Bigelf: Into The Maelstrom

Tragedy and disharmony sucked Damon Fox’s band into a maelstrom of their own, but now Bigelf are back with a revamped line-up and they’re whipping up a storm on their new album.

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A maelstrom is a very powerful whirlpool. In Edgar Allan Poe’s 1841 story A Descent Into The Maelstrom, a shipwreck survivor sees at first only hideous terror within it, then comes over all Zen and reckons it a beautiful, awesome creation. There’s something akin to that revelation happening in the return of the mighty Bigelf, whose fifth album, one hell of a comeback, is at the same time overwhelming yet dazzling.

Bigelf are a magical, mysterious, mad-hatter’s fusion of prog, doom-rock, goth, glam, and melodic pop. They are late-period Beatles with the amps turned up to 11. They have in their armoury some of the wit and invention of Queen, 10CC, Tears For Fears, ELO and Sparks; the shrill energy and euphoria of Jane’s Addiction, Mercury Rev or Flaming Lips; the raw groin-grinding riffage of Black Sabbath or Killing Joke; ELP keyboard surges and the deceptively bucolic left-turns of Pink Floyd. As they blend and stir all these elements with increasing restlessness yet perfect poise, you realise that Bigelf are like nobody else on Earth.

Into The Maelstrom will spin you far, far away. ‘Head’s in the sky and I ain’t coming down,’ sings main man Damon Fox as this epic journey accelerates. He sounds, understandably, as thrilled at what’s taking place around him as you will be. In recent years Fox has had to pretty much rebuild a broken Bigelf from scratch. The LA quartet released three albums between 2000 and 2010, surviving the tragic death of a founder member. Across Money Machine, Hex and Cheat The Gallows they impressed and improved. The last, on Linda Perry’s label (she co-wrote a song here), seemed to be taking them to the next level of international acclaim.

They supported Dream Theater and Porcupine Tree on tour. But vocalist/keyboardist/guitarist Fox called for a hiatus, and that incarnation of the band ended. He found encouragement to forge ahead from ex-Dream Theater drummer Mike Portnoy, as the two bonded over their respective bands hitting ‘their Let It Be phase’. Fox wrote the new album himself, and Portnoy stepped in as drummer. Bassist Duffy Snowhill returned, and Into The Presence guitarist Luis Maldonado brought lead guitar. Fox handles everything else, from crunching guitar riffs to inspired keyboard curveballs to velveteen layers of vocals, and creates a world of wow-factor. ‘Psychedelically cinematic,’ he calls it, ‘with a Mad Max post-apocalyptic feel.’ The album achieves that, then constructs rockets from the debris.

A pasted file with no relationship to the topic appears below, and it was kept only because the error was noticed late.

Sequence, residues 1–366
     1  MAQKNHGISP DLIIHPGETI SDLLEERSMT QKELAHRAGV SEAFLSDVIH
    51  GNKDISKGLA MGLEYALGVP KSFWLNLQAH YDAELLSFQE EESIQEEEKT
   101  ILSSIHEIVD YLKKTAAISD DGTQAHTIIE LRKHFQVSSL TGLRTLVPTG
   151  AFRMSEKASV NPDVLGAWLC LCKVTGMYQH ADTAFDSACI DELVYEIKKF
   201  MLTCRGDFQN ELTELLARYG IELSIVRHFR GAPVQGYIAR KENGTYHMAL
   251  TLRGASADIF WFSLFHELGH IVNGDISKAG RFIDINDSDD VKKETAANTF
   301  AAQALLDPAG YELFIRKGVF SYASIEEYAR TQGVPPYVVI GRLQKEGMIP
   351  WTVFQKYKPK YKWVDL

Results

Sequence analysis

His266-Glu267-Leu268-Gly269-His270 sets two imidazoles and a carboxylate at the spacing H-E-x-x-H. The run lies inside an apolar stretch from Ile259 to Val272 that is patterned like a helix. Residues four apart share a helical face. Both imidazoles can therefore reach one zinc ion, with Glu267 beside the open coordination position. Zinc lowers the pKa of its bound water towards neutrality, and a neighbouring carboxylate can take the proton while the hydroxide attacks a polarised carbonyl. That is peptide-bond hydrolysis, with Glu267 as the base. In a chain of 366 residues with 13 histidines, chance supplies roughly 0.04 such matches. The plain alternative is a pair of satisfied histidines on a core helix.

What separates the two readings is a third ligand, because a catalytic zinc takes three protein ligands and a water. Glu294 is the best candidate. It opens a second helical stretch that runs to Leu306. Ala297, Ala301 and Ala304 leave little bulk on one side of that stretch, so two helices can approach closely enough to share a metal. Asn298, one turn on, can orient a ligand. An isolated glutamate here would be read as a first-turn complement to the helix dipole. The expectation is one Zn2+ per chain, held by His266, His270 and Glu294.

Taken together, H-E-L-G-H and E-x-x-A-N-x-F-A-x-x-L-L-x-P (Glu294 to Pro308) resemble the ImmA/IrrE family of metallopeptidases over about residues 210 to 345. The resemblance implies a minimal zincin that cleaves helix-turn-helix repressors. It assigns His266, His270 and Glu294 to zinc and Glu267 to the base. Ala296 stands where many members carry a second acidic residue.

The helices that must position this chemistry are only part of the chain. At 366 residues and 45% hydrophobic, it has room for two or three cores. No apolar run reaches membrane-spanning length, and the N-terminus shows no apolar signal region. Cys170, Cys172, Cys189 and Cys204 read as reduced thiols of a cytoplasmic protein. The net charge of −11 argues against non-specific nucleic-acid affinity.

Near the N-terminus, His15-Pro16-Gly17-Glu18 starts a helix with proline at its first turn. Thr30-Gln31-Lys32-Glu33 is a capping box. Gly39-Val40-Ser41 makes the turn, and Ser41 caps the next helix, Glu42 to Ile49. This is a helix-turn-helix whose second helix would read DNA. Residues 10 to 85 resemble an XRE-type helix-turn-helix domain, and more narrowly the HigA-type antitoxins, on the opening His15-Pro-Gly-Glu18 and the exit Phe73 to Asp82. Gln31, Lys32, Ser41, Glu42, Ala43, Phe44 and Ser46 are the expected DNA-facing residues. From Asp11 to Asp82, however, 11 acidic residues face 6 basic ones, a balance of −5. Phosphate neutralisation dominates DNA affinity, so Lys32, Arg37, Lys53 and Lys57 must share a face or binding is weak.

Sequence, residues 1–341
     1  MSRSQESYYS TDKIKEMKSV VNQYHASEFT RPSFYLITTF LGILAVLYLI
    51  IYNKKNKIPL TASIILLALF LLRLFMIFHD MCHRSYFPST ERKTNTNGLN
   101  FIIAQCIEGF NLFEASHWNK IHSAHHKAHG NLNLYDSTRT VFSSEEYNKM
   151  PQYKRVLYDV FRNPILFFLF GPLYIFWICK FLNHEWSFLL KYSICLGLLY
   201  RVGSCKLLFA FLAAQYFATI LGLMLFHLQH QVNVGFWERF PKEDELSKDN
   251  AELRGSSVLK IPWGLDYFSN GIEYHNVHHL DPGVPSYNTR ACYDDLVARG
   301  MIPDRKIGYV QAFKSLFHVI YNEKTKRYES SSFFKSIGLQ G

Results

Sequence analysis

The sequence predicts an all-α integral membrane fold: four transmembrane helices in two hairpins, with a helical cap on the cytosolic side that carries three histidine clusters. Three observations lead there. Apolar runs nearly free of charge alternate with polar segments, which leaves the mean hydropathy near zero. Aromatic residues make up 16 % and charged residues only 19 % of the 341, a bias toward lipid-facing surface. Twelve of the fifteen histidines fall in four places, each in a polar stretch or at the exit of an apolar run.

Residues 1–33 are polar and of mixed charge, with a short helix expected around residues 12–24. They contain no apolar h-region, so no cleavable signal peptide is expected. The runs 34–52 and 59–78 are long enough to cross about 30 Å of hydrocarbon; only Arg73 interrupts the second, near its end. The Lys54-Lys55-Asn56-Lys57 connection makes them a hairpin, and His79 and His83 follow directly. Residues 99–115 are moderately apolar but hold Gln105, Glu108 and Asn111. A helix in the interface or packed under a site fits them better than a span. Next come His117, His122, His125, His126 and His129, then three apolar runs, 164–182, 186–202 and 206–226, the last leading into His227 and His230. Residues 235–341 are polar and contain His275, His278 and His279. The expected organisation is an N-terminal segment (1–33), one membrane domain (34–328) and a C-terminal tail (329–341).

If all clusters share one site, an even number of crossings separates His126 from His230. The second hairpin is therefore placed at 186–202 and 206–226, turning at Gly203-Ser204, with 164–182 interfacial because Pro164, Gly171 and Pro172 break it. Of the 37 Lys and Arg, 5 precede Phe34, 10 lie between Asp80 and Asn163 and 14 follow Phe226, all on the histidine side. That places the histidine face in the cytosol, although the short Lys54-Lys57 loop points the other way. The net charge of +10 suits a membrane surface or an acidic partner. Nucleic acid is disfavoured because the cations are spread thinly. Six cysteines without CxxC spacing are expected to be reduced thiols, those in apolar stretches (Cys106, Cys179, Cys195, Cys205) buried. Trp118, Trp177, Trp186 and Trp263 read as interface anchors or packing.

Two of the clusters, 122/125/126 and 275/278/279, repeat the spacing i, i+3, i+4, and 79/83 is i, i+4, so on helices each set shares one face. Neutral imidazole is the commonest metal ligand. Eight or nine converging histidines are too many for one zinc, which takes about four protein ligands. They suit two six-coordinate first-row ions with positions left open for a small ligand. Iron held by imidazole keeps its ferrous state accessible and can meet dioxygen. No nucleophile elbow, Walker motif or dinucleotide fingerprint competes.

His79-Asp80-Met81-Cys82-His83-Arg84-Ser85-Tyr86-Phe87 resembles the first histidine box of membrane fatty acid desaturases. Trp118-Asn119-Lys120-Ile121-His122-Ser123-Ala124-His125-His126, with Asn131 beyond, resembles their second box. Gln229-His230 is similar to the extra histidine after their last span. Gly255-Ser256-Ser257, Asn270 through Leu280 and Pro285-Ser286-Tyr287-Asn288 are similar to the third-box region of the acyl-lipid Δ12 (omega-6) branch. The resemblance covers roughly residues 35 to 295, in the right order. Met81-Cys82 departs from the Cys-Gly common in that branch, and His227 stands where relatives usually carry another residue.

The loose concept’s about travelling back and forth in time to probe your troubles and fears, but really Into The Maelstrom just puts its foot down, engages its fan-of-popular-music-history brain, and flies. Incredible Time Machine screeches in with what sounds like an elevator ascending, an alarm call, before choppy dramatic riffs announce this will rock as much as roam. Sabbath are the first obvious reference point, but then the dynamic judders and shudders of the aforementioned art-proggers come in, and Bigelf keep moving the ground every time you get your footing. _‘_Welcome to the world of dreams,’ sings Fox, over a hubbub of heavy that’s filled with light.

Hypersleep drops in sci-fi dialogue and the meatiest of riffs, and nods to Major Tom, Horace Wimp and Logan’s Run. Exhilarating histrionics and Thin Lizzy guitar sounds ‘wake the dead’. There is so much happening in every track that it’s bewildering: the Beatles vibe of Already Gone, the cracking laser-licks of Vertigod and Control Freak; the big is-there-a-God questions of Alien Frequency (where Portnoy gets busy).

Throw in the sumptuous vocal arrangements of The Professor And The Madman and the playful, fuzzy Meddle-inspired section of High, and you’ve got kitchen-sink crescendos as created by HG Wells and Sheer Heart Attack-era Roy Thomas Baker. Edge Of Oblivion is another epic, flitting between the mischief of 10cc’s How Dare You and real, dark angst about genocide. Theater Of Dreams is McCartney after 19 pints; the three-part finale title suite, with eerie keyboards and end-of-days grandeur, is Star Trek meets MacArthur Park. Fox sings of the world ending (‘no more seas, no more trees’), finding solace in memories. The limitless, liberating world of Bigelf is beginning afresh.

Roll up, roll up for a wild interstellar ride that will blow your top hat clean off.

Chris Roberts

Chris Roberts has written about music, films, and art for innumerable outlets. His new book The Velvet Underground is out April 4. He has also published books on Lou Reed, Elton John, the Gothic arts, Talk Talk, Kate Moss, Scarlett Johansson, Abba, Tom Jones and others. Among his interviewees over the years have been David Bowie, Iggy Pop, Patti Smith, Debbie Harry, Bryan Ferry, Al Green, Tom Waits & Lou Reed. Born in North Wales, he lives in London.